Tartaric acid
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A natural, widely occurring, plant acid, giving the strong tart taste and the characteristic flavour to acidic fruits such as grapes, lemons and oranges. In fruit it can be free or either combined with potassium, calcium or magnesium. Sometimes deposited as crystals in wine.

A dicarboxylic acid, also called dihydroxybutanedioic acid, the free acid was first isolated in 1769 by Carl Wilhelm Scheele, although, in a partially purified form tartar was known to the ancient Greeks and Romans.

Most L-tartaric acid is manufactured as a by-product of the wine industry. The sediments, and other waste products from fermentation are heated and neutralised with calcium hydroxide and then the precipitated calcium tartrate is treated with sulphuric acid to produce free tartaric acid. Can also be extracted from tamarind pulp.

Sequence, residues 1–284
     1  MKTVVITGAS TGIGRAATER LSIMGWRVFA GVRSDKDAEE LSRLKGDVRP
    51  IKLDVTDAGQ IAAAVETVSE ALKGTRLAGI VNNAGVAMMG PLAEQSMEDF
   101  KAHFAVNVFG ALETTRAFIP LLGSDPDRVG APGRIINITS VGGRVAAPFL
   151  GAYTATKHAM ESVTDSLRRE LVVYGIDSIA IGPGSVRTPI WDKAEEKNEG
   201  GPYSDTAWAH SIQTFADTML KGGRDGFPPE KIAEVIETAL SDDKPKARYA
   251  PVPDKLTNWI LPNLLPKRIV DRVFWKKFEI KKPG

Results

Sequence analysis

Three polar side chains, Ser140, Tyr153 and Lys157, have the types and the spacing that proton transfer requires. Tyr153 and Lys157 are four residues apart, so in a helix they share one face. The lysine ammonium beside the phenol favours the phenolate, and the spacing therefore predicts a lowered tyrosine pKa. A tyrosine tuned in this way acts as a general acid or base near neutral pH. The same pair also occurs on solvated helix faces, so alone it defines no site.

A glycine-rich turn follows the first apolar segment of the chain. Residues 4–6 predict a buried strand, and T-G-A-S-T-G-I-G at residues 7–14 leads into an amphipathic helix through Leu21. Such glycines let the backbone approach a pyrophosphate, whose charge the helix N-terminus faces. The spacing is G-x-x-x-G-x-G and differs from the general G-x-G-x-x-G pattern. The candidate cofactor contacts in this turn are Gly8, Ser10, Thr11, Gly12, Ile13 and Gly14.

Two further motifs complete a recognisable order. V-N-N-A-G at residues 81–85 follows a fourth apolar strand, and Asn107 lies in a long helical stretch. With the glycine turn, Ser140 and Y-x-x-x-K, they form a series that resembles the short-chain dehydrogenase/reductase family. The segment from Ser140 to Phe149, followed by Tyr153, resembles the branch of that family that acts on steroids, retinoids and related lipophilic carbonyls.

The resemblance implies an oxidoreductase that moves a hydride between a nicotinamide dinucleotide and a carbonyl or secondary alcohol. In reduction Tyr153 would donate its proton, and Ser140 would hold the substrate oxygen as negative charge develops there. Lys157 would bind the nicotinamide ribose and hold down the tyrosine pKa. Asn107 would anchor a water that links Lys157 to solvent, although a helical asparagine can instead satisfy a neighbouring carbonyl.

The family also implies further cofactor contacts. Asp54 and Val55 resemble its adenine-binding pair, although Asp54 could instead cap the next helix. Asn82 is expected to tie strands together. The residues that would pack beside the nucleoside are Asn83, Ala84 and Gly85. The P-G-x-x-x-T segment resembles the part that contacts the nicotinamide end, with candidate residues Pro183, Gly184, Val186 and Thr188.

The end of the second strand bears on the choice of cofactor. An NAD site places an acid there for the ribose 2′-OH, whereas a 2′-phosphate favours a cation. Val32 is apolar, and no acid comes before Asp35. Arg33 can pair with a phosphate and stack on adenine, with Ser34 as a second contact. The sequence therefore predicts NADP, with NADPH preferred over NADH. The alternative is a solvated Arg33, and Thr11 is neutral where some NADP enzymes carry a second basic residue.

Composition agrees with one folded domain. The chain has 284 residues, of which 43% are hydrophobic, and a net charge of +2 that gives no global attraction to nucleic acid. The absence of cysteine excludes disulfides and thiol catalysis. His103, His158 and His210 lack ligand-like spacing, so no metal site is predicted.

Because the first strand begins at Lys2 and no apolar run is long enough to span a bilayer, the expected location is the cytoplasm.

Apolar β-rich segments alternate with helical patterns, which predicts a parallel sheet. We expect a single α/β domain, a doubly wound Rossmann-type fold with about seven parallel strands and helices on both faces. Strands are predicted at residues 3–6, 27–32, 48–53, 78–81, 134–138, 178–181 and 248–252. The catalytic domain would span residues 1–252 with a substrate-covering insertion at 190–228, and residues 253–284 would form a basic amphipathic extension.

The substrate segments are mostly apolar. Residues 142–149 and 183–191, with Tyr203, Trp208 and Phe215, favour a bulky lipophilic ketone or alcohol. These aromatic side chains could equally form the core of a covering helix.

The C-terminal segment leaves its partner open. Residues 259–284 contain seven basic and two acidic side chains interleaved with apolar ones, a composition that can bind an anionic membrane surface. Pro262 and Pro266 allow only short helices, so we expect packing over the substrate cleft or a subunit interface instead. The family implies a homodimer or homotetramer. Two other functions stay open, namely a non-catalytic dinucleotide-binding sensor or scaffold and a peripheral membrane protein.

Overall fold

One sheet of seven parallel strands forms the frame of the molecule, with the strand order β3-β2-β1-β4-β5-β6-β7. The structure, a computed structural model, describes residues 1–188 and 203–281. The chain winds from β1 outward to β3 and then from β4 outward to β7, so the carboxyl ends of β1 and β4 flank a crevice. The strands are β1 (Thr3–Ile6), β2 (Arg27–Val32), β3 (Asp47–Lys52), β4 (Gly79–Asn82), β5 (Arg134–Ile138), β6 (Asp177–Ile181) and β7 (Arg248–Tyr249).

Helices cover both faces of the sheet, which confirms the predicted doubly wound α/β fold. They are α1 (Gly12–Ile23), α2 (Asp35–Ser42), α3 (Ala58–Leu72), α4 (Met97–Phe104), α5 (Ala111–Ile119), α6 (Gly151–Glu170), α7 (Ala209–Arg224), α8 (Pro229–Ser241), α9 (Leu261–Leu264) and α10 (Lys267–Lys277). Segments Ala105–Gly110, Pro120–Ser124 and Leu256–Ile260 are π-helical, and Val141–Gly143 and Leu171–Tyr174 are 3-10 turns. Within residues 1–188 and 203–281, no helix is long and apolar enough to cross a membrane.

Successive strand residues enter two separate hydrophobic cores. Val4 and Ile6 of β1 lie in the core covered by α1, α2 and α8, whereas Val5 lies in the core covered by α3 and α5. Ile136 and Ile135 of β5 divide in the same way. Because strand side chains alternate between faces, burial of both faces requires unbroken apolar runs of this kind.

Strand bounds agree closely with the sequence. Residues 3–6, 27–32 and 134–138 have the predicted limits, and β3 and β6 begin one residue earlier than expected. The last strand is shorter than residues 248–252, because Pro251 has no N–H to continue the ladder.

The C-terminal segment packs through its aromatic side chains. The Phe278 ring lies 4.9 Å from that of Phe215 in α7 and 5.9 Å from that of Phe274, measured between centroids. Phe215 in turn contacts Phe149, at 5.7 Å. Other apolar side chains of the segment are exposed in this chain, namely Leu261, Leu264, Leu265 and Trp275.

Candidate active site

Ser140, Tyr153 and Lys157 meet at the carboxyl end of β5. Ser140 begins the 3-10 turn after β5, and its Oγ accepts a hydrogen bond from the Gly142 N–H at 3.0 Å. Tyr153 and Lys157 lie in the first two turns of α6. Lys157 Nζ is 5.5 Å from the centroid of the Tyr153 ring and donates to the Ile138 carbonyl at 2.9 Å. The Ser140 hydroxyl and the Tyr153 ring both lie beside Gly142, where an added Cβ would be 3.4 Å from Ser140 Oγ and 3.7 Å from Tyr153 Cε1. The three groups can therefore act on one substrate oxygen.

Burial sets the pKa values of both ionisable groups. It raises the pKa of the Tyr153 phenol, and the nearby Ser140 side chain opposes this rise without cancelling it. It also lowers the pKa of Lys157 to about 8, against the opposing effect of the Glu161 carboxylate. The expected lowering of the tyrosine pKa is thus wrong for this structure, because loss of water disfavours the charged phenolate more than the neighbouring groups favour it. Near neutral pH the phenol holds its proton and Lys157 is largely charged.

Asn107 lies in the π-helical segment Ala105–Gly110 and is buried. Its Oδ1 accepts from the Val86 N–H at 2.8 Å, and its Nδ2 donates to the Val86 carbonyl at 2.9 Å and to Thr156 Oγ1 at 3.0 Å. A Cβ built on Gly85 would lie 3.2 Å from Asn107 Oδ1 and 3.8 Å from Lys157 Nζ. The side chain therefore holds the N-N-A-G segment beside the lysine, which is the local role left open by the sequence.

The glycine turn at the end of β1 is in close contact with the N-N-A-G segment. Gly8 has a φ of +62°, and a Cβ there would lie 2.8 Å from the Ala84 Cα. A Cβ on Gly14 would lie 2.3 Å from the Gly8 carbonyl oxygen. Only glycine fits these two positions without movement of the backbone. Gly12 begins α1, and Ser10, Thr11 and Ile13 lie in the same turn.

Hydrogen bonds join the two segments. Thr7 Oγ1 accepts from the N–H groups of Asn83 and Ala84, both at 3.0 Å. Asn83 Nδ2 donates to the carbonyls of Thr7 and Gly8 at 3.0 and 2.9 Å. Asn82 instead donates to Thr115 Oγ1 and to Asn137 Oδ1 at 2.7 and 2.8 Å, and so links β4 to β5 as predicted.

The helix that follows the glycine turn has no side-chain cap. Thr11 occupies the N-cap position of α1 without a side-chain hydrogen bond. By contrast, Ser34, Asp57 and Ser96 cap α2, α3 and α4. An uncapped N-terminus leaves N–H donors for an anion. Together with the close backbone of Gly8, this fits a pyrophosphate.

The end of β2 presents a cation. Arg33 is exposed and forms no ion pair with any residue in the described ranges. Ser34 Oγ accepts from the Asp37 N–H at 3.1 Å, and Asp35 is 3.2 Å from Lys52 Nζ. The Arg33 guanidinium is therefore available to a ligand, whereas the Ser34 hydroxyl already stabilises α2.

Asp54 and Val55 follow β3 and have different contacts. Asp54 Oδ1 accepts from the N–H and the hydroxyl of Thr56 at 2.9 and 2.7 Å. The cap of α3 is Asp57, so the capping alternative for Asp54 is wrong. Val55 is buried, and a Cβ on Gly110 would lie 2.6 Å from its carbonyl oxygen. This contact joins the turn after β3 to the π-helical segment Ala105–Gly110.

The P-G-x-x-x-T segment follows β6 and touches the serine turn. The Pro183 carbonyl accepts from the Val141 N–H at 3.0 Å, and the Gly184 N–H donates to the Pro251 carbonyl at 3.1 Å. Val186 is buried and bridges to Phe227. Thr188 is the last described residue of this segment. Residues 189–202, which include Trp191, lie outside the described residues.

Tartaric acids and the common tartrate salts are all colourless, crystalline solids readily soluble in water.

In food it is used as: an antioxidant where as a synergist it increases the antioxidant effect of other substances: for adjusting acidity in frozen dairy products, jellies, bakery products, dried egg whites, sweets, beverages, jams and preserves and wine: diluting food colours: as a sequestrant, chemically combining with undesirable oxidants and rendering them inactive: an acid in some baking powders.

Can also be found in cocoa powders, sweets and tinned asparagus, fruit and tomatoes.

Eighty per cent of ingested tartaric acid is destroyed by bacteria in the intestine, with the fraction that is absorbed into the bloodstream being excreted in the urine.

Large amounts can cause gastro-enteritis. No known adverse effects in small quantities.